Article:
- Social Emotional Learning: Can It Help Our Most Vulnerable Students? - August 27, 2017
- Why We Should Teach Meditation in the Classroom - November 8, 2016
- Strike! - October 5, 2016
- Teaching a Superpower - September 22, 2016
- Essentially, I am a Teacher - August 30, 2016
- A Chicago Teacher's Dream - January 22, 2016
- A Career in Crisis - August 27, 2015
- Classroom Community and Rock-Paper-Scisssors - July 22, 2015
- The Art of Teaching - June 22, 2015
- Parent tip: Beyond Sounding It Out - June 4, 2015
Spring break is behind you. One morning, some wisenheimer shouts “Only 25 days of school left!” Even though you have been secretly counting down, you know this is it: the beginning of the crazy year end behavior. The students’ attention begins to diminish, and noise and classroom chaos climb frantically.
Here are four steps to understand the mayhem and help control the nuttiness. I taught second grade but these strategies will work for any grade.
1. Plan a big project. Pick a topic that you have not been able to get around to teaching or revisit something you into which you wanted to delve deeper. My classroom was not air conditioned. It was hot and miserable so I pulled the shades, turned off the lights, blasted the fans, and studied space. The trick was to first give the required work that I wanted for grade. Before we began the work, however, I gave tantalizing ideas of what could be done when the assigned work was turned in. Cool projects using fun materials that rarely came out during the year were planned. We drew planets with colored sharpies on edges of laminating film that I saved throughout the year. We created our own constellations with black paper covered cereal boxes with holes punched through to show the stars. We wrote myths to explain the constellation. Students picked books to teach a lesson about a space fact. We created posters and games. We were busy and spacey. Time flew quickly and the children were too busy and engaged to act out.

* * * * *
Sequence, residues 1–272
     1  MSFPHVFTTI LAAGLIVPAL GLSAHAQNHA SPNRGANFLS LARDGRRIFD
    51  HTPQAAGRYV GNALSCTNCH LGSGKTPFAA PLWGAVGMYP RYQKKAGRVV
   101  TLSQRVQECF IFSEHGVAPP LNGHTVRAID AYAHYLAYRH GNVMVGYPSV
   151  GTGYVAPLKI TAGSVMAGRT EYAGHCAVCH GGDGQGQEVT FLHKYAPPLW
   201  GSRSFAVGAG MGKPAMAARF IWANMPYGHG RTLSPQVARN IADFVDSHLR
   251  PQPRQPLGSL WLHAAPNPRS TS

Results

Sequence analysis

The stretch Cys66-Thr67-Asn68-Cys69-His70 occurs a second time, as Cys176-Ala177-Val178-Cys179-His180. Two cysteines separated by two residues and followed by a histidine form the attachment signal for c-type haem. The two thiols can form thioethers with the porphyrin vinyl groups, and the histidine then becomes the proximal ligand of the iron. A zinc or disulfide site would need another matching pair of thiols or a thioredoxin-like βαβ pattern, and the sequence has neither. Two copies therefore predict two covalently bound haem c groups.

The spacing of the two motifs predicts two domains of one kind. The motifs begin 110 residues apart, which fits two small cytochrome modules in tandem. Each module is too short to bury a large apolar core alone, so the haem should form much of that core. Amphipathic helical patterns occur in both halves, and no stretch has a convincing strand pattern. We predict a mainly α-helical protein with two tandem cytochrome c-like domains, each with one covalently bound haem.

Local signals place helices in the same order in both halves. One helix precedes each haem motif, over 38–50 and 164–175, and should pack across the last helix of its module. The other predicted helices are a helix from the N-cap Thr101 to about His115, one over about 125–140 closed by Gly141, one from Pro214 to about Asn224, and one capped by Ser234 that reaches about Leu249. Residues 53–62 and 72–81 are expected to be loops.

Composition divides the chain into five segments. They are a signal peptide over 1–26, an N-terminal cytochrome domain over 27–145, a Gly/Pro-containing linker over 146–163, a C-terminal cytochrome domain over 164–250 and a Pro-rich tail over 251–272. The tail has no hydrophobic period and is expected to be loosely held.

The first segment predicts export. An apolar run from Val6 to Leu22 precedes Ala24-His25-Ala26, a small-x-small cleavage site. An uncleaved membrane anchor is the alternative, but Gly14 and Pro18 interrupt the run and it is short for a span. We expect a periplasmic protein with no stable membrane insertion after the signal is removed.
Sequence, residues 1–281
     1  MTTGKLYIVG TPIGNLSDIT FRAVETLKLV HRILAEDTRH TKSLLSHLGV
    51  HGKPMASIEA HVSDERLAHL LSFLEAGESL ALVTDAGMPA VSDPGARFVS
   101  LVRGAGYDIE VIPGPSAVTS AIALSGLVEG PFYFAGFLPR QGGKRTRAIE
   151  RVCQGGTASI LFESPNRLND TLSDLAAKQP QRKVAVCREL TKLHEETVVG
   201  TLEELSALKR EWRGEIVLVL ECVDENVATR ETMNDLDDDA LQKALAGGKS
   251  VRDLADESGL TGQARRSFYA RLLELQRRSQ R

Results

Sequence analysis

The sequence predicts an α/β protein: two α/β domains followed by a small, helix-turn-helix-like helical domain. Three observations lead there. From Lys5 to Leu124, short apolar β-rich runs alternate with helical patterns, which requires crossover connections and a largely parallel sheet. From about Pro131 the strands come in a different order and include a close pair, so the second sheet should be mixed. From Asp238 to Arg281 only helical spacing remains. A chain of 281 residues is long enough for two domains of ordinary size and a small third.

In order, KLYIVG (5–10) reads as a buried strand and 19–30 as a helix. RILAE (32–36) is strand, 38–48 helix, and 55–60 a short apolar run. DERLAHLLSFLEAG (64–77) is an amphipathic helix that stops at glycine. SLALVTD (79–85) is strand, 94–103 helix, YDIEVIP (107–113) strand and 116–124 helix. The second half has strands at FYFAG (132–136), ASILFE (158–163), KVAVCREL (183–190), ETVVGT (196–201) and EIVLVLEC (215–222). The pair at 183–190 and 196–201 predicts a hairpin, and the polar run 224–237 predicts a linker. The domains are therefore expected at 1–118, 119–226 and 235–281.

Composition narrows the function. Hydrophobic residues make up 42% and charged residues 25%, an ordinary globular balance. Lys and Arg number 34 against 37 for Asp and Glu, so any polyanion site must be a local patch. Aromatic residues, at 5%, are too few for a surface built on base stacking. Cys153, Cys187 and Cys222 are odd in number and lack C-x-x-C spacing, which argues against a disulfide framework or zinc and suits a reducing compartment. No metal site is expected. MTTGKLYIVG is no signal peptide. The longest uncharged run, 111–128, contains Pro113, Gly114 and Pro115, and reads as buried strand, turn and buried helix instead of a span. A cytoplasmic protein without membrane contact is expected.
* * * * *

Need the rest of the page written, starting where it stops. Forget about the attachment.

2. Revisit class rules. Rules have become old stuff by the end of the year. It is time to take them off the walls and discuss why we picked those specific rules to back in August or September. Holding a class conversation about which rules are easy to follow and which rules we need to pay more attention will help the majority of students wrestle their self-control back in place. Don’t forget to review playground rules. The energy at recess is frantic and accidents abound. I rarely had a day without children returning from recess with ice packs or skinned knees. Hold them to the rules and don’t let consequences change. It is easy at this time of year to give up on consequences, or go the other way, and make them become huge for minor infractions. Neither change helps the class as the kids need continuity even more as the year winds down.
3. Take time to listen and reassure. There is a lot of security in a well-run classroom and the end of the school year means the end of that security. To some children, it is simply the concern of the unknown of what will come next year. The wonder if the new teacher will be mean, will they have any friends in their class, or will the work be too hard. Usually, we talked about this in a whole class meeting. I reminded the students how much they learned this year and it came a little at a time. I reassure them that next year will be no different. I arranged to have a visit to the classrooms of third-grade teachers or invited my former students who are now third graders to visit my room to answer questions.
The other part of the worry of what the future will bring is deeper. Often your troubled kids act out tremendously in the last few weeks of school. I believe these children fall apart because of losing the safety net of the room to an unknown summer. This is especially true when the family is in turmoil. While I have no control over these situations, I often tell them that I will think of them every day, all summer long. It is all I can offer. I take extra time in my day during the last few weeks to smile and reassure these children. I am trying to let them know I am not deserting them.
4. Take a walk down memory lane. Build time each day to reminisce about the year. Remember the funny things. Look back at everything you learned. Look at photos or videos. Pick favorite books in the classroom library and let groups discuss their favorites. Go outside and play a class game, one that is a favorite but in a new setting. Take time to be together and savor being a cohesive unit.
Many years ago, my mentor teacher told me that one of the joys of being a teacher was that you only had a child for one year. I find, however, that is one of the sorrows, too. Enjoy them. It is almost over!